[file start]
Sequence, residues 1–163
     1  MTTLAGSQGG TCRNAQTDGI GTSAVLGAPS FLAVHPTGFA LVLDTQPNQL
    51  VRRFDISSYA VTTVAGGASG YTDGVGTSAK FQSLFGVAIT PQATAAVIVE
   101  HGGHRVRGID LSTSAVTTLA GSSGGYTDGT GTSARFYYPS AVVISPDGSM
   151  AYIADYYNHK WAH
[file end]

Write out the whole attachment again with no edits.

Sequence, residues 1–163
     1  MTTLAGSQGG TCRNAQTDGI GTSAVLGAPS FLAVHPTGFA LVLDTQPNQL
    51  VRRFDISSYA VTTVAGGASG YTDGVGTSAK FQSLFGVAIT PQATAAVIVE
   101  HGGHRVRGID LSTSAVTTLA GSSGGYTDGT GTSARFYYPS AVVISPDGSM
   151  AYIADYYNHK WAH